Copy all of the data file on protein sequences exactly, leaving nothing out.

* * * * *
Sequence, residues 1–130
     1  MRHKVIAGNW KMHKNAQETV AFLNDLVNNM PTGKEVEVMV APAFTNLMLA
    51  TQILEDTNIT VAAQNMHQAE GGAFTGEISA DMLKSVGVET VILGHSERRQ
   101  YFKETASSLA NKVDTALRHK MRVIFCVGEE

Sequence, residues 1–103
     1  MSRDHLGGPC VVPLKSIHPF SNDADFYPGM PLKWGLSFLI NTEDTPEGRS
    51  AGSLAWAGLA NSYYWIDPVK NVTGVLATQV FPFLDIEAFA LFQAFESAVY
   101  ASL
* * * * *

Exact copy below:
Sequence, residues 1–130
     1  MRHKVIAGNW KMHKNAQETV AFLNDLVNNM PTGKEVEVMV APAFTNLMLA
    51  TQILEDTNIT VAAQNMHQAE GGAFTGEISA DMLKSVGVET VILGHSERRQ
   101  YFKETASSLA NKVDTALRHK MRVIFCVGEE

Sequence, residues 1–103
     1  MSRDHLGGPC VVPLKSIHPF SNDADFYPGM PLKWGLSFLI NTEDTPEGRS
    51  AGSLAWAGLA NSYYWIDPVK NVTGVLATQV FPFLDIEAFA LFQAFESAVY
   101  ASL